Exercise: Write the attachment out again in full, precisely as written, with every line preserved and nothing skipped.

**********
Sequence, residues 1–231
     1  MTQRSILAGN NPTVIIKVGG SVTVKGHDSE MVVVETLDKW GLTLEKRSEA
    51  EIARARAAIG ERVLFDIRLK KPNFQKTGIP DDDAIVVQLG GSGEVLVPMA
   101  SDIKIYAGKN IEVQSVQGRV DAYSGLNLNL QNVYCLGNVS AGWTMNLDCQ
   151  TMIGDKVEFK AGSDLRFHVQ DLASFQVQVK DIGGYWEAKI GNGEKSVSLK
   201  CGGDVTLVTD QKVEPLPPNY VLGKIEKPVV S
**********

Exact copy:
Sequence, residues 1–231
     1  MTQRSILAGN NPTVIIKVGG SVTVKGHDSE MVVVETLDKW GLTLEKRSEA
    51  EIARARAAIG ERVLFDIRLK KPNFQKTGIP DDDAIVVQLG GSGEVLVPMA
   101  SDIKIYAGKN IEVQSVQGRV DAYSGLNLNL QNVYCLGNVS AGWTMNLDCQ
   151  TMIGDKVEFK AGSDLRFHVQ DLASFQVQVK DIGGYWEAKI GNGEKSVSLK
   201  CGGDVTLVTD QKVEPLPPNY VLGKIEKPVV S